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Vocalization: Setting the Tone at the Top

Support leaders in using their position and voice to advance inclusion.

Brief Summary

Status and role can impact who feels comfortable speaking up about inclusion in the workplace. In every encounter of two or more people, a hierarchy exists, whether this is a socially based hierarchy (the most popular / vocal / knowledgeable person) or a structured hierarchy (the most senior person, the boss, the coach, the clergy). It can also be influenced by demographics (e.g., the most senior person in the room may be a woman but if she’s a distinct minority, she may not feel comfortable speaking up to make a case that can be perceived as self-advocacy).

In each case, the person at the top of the “food chain” will set the tone for engagement. The environment we find ourselves in will dictate whether employees are vocal, cautious, or muted. When you find yourself in the middle or at the bottom of the hierarchy, what do you do then?

Challenge

A person’s particular status or role in the organization can afford leeway or prevent them from sharing their beliefs on inclusion. Also, this status or role changes in different contexts, groups and  environments.

Before an employee speaks up, they will assess the environment and understand the hierarchy. This helps them determine the level of intimidation or support they can expect for vocalizing their beliefs. The real challenge comes when the leader isn’t prone to model the right behaviors.

This dynamic can lead someone to comply or stay muted when a viewpoint is stated and then vocalize their authentic belief in a different context.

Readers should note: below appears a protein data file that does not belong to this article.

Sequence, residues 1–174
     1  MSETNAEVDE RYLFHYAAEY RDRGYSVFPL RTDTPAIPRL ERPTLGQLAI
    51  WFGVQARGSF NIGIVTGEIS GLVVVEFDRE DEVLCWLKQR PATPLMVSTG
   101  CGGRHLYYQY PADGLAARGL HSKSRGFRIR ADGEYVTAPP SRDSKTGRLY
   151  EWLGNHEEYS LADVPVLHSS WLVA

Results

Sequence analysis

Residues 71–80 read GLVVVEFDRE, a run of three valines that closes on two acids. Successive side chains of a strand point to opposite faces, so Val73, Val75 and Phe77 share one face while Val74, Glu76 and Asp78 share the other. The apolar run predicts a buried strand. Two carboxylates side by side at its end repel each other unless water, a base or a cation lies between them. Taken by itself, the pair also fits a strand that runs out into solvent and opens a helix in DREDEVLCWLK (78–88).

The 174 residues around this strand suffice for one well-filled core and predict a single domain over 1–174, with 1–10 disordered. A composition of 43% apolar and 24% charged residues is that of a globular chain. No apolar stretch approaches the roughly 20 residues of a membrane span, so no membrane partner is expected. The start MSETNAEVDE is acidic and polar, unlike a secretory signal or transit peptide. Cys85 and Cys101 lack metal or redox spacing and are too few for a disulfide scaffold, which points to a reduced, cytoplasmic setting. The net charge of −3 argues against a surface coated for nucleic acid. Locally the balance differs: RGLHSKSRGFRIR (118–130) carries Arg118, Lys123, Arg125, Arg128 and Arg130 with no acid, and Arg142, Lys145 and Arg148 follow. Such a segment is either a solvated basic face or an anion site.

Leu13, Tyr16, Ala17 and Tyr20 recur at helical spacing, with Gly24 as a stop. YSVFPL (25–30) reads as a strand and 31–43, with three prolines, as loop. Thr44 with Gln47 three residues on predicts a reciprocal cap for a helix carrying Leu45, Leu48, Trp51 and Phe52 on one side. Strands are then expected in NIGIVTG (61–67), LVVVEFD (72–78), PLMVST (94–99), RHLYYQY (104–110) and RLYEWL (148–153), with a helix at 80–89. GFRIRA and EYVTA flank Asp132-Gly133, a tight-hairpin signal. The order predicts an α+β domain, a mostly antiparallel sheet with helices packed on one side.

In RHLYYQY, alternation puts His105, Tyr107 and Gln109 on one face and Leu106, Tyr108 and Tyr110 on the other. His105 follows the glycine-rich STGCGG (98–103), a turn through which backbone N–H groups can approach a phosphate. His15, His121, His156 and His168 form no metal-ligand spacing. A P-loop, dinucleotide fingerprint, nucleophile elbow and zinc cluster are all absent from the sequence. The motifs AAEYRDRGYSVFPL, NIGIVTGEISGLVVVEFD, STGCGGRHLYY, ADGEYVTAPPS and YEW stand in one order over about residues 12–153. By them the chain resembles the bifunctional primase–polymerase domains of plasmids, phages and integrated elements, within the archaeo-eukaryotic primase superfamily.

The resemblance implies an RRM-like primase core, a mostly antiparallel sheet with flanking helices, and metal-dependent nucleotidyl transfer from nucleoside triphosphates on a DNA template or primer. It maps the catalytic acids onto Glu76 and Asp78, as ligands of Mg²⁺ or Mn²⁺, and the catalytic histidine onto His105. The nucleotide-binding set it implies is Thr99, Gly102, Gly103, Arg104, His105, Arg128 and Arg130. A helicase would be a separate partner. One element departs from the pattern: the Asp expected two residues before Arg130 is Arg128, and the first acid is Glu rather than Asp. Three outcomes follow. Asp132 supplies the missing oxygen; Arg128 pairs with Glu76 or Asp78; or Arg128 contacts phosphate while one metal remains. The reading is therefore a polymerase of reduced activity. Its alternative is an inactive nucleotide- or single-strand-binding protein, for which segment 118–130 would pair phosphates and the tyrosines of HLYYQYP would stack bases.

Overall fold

Recommendation

The dominant person in the room sets the tone for whether only views that are in agreement with theirs are shared, whether sharing an alternate viewpoint means you have to be ready for a debate, or whether dissenting viewpoints are thoughtfully considered.

If you are top in the hierarchy (social, positional, or demographic), recognize your critical role. Do not misconstrue silence for agreement.  Conflict avoidance is not progress toward inclusion. Only authentic and constructive dialogue will advance progress toward the company mission and values.

dei progress

Proposed Actions

  • Demonstrate advocacy. Advocate for others in the room. Reinforce their comments when you agree with them and build a connection. This will also demonstrate how advocacy work is done.
  • Reinforce and validate opinions that aren’t mainstream. Even if you don’t agree with them, you can summarize them by saying, “so, what I think I hear you saying is…” Done early and often, this can disrupt immediate pushback and model what active listening looks like.
  • Frame vulnerability as courage. Reinforce acts or statements of vulnerability, by simply thanking them for sharing, or following up with your own vulnerable statements.
  • Make room for the quiet ones. Avoid calling someone out directly. Ask an open question, e.g., “did everyone who wanted to add something have an opportunity to do so?”

Valued Guidance

Implementation Plan

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